The concept-elements as a framework
At the beginning of this chapter explanation was given of how accumulated concepts were sifted into important, very important and most important. The most important are the concept-elements in the ‘one-sentence’ version on pages 1 and 2 of the Introduction.
Inevitably, in all theorising and reflective practice we have to deal with concepts, clarify them, sharpen them, bring them into creative juxtapositions and contexts. These three levels of concepts were drawn out of experience, reading and reflection and then became the means by which my model was ‘constructed’. Since they were the elements out of which I constructed the model, or at least the conceptual framework, I chose the term concept-elements.
But concepts are not all that there is, nor all that we experience. Justice as a concept has always been very important to me, even before I found out that Baha’u’llah (1932 pp. 1-2), says that it is ‘the best beloved of all things’ (see Introduction). As a concept-element, however, it is seen to act dynamically with other concept-elements – for example justice provides a way to view truth, beauty and goodness. But models, based on being and becoming, and on spiritualization, have to be about more than just concepts. Heschel (1971, 1965) is right, concepts are just snacks in relation to the spiritual – he points particularly to ‘amazement’ and ‘awe’ and ‘wonder’. Concepts, to return to our metaphor of island-shoreline and ocean (see pp. 33-34), are our little bits of ‘garden designing’ on our tiny islands of knowledge, when we ‘return’ from experiencing the whole, as we stare out from the shoreline. All this is the subject matter of the first part of Chapter 3. Ironically, of course, in trying to communicate about that which is beyond the conceptual all we seem to have for communication is – concepts! But of course that is not so – what we also have is being and doing, and they, as I discuss in Chapter 3, go further and deeper than our concepts, just as we go further and deeper than our concepts. We are more than our thinking, indispensable though our thinking is.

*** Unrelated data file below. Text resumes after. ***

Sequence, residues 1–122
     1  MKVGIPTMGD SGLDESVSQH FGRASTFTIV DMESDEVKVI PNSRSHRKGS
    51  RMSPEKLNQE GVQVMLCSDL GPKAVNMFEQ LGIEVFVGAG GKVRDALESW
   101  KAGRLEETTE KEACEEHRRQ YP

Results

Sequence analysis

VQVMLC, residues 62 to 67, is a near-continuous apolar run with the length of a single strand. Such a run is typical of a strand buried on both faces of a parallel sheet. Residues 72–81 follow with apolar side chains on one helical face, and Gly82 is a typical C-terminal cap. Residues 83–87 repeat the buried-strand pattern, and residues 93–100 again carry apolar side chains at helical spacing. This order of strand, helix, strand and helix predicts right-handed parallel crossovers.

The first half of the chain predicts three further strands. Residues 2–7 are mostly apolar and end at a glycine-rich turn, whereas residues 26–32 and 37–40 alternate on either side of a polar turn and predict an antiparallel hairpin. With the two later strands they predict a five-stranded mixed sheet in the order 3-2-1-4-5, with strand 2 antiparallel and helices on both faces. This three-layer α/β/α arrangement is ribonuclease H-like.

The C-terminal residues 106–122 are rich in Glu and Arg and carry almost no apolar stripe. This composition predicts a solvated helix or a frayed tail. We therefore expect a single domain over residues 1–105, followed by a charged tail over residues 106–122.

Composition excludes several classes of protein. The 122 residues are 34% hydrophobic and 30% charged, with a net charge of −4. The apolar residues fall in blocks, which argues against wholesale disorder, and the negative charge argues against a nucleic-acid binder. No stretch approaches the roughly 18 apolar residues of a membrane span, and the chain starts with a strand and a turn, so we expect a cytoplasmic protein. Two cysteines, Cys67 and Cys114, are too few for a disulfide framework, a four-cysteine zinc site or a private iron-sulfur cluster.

From the process of collecting and sifting of concepts, nothing seemed more important than loving. Knowing had to be there, wisdom I realized later had to be a chief goal. I gradually came to a sense of what the model should be, and do, and the benefits it might bring. Of course during most of this time I was with classes daily as a full-time teacher. Now I occasionally work as a teacher educator in schools, and teach children as well as youth and adults from time to time.
The concept-elements provide in the background a skeleton overview, and a series of fixed points to which to return, or with which to make comparisons. In Chapter 3 I try to present a view of the spiritual, the Sun in the SunWALK model, that can be said to breath life into the merely ‘left-brain’ conceptual framework. But before going on to this ‘right-brain’, transcendental side of the model I want, via a set of criteria, to summarize some of the model’s most important features.
Of course, the model as it is used by the teacher, can be taught initially in a much simpler way – as simply managing balance between the concerns of each of the 4Cs. However this is achieved through the teacher’s skills, and depends on her/his consciousness as, minute by minute, decision by decision, s/he conducts (makes interventions in) the flow of lessons and courses.
The consciousness of the teacher as s/he manages balance in what it means to be human
The consciousness of the teacher is the well-spring of the teaching process that is conducted on behalf of the children. This out-flowing is the human spirit devoted to the cause of learning. The consciousness of the teacher is both the background to the teaching, and is the source of the decisions as s/he manages the process. Everything I suggest needs to be undertaken against the individual’s version of this kind of generalized inner dialogue:
I am nurturing the development in these pupils of Caring, Creativity, Criticality abilities, and I am seeking to get them to do this with the deepest possible sense of being in, and achieving in, ‘ Community’, as well as achieving individually, and I am doing this in the light of higher-order values (that, on the whole, I, the school, the parents and wider community share). The rest is information (historical, geographic, literary, physical etc), the fuel for the fire – what does the confluence of the various forms of dialogue indicate that I should do next?
This piece of imagined, generalized, teacher inner dialogue, provides the basis for evaluation and planning, and is supported by such questions as:
“Did that lesson focus entirely on one C or did it do work for the
other 2 or 3 as well?”
“Which other C can lead on from the work that we have just done?”
“Am I, during this half-term, maintaining a balance between the
“How can I find a way to deepen engagement with X or Y…?”
“How can I present that ‘text’ in a more exciting way?”
“What do individual pupils need that is different to the average?”
“Are there pupils who are dodging challenges in one or more C’s?”